Argentina - Religions

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The national census does not include information concerning religious affiliation. However, statistics submitted by nongovernment organizations in 2001 indicate that the Roman Catholic continues to claim the largest number of members, at about 88% of the population. Argentina retains national patronage, a form of the old Spanish royal patronage, over the Roman Catholic Church. Under this system, bishops are appointed by the president of the republic from a panel of three submitted by the Senate; papal bulls and decrees must be proclaimed by the president and sometimes must be incorporated into an act of the Congress. The government also provides the Catholic church with a certain subsidies that have totaled at nearly $3 million a year. However, the constitution does provide for freedom of religion and the government encourages tolerance and understanding between social and religious groups, particularly through programs of the Ministry of Interior, the Ministry of Education, and the office of the Secretariat of Worship in the Ministry of Foreign Affairs, International Trade, and Worship. Certain Catholic holidays are officially observed; however, the law allows for up to three days of paid leave for those observing Jewish or Islamic holidays.

Protestants accounted for about 7% of the population. About1.5% of the population are Muslims and about 1% is Jewish. Relations between church and state have been relatively free of the conflict that has taken place in other Latin American countries. During the early part of the Perón era, there was no great opposition by the Church, but several of Perón's later actions, especially the legalizing of divorce in 1954, drew strong criticism. In 1955, Perónists pillaged and burned many noted churches of Buenos Aires, and the Church's opposition hardened. After the revolution in 1956, divorce was again made illegal. (It was legalized again in 1987.) The Church made no formal effort to halt the government's program of using terror against left-wing terrorists during the late 1970s. In the early 1980s, however, Church leaders launched a program of national reconciliation, holding meetings with military leaders, politicians, labor and business representatives, and human rights activists. A Roman Catholic revival, especially among the young, was bolstered by the visit of Pope John Paul II in June 1982, the first visit by any pope to Argentina.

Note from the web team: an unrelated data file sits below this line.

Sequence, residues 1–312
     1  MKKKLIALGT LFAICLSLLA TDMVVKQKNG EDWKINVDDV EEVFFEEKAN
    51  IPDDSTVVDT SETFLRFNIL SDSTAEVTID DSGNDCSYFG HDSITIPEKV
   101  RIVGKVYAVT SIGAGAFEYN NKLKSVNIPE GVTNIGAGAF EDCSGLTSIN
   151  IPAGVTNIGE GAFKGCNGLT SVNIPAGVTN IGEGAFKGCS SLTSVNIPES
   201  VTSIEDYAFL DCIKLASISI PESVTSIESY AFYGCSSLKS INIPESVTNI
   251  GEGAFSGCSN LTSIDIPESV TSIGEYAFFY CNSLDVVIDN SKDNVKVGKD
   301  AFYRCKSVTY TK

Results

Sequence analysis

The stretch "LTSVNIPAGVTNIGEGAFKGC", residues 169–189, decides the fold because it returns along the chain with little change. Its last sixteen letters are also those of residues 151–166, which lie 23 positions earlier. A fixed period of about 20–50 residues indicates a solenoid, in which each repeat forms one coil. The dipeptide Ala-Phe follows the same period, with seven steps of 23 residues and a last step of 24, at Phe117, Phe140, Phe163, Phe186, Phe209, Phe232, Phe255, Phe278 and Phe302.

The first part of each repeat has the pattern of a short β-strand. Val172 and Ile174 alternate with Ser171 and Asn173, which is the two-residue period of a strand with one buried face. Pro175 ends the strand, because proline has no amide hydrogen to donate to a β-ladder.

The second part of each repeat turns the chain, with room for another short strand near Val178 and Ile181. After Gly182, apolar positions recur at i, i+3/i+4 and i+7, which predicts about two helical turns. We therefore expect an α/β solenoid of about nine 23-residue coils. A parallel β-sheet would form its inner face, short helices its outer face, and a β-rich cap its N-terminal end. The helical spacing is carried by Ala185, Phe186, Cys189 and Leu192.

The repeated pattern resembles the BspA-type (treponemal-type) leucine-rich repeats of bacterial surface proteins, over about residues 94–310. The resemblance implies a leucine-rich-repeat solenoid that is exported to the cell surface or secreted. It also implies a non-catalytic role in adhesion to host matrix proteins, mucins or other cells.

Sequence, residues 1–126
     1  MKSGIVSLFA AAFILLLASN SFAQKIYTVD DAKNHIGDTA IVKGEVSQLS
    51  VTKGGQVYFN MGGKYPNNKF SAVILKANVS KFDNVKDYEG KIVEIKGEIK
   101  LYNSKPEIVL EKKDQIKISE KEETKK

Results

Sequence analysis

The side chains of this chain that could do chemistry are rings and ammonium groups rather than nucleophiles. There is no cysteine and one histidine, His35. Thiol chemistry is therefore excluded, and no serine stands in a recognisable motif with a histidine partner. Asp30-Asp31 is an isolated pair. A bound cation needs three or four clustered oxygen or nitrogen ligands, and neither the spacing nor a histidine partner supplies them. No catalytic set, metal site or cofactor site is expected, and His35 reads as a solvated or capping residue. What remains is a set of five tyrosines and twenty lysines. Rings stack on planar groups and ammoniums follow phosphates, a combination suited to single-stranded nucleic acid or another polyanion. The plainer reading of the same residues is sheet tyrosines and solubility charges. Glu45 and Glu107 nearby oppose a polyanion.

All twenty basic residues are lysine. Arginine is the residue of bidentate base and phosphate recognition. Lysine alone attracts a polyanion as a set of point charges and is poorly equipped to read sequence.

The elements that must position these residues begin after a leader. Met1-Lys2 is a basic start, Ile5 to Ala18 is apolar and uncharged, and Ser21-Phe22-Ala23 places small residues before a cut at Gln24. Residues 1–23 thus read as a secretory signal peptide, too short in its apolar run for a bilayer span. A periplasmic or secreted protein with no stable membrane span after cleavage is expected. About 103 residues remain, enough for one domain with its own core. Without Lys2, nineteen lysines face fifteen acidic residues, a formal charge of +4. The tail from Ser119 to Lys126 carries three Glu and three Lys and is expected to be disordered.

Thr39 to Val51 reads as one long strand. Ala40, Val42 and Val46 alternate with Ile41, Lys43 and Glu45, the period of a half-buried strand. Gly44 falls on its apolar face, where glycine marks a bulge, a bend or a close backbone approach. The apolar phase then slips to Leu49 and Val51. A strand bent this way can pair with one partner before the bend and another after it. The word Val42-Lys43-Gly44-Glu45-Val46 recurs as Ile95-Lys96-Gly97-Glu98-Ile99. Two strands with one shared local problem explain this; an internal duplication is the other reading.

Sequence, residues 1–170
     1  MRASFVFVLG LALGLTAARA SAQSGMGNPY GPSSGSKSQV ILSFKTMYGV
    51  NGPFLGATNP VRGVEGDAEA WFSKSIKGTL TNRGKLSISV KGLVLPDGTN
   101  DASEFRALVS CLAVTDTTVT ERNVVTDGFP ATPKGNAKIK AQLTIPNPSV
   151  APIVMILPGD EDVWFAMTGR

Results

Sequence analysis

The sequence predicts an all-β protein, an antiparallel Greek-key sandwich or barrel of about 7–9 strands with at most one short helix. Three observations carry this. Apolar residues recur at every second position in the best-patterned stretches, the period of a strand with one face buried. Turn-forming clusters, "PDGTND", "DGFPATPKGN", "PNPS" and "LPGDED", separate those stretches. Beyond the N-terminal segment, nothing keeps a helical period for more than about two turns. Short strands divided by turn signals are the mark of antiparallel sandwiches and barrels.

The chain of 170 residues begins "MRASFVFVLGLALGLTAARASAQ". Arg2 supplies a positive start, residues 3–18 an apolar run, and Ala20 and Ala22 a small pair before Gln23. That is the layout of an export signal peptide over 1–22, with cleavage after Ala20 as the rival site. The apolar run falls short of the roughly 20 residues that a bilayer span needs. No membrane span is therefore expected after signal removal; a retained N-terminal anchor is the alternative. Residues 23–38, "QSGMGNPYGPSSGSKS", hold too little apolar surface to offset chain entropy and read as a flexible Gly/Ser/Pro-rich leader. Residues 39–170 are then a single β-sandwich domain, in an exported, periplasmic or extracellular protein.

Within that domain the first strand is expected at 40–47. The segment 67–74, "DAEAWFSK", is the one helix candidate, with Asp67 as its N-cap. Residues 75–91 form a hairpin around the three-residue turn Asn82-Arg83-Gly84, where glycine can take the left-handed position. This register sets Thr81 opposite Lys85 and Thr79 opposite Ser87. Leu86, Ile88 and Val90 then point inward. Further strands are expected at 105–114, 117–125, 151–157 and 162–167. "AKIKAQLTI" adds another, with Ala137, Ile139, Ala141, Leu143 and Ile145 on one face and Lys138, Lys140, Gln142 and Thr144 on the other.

Some members of non-Catholic faiths have reported discrimination in employment through the military and the federal ministries, but these reports have not been substantially verified. Anti-Semitic and anti-Muslim attitudes have surfaced in some social circles, but a number of nongovernment, ecumenical groups are working toward greater levels of understanding and acceptance through all faiths.

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Oct 11, 2007 @ 2:14 pm
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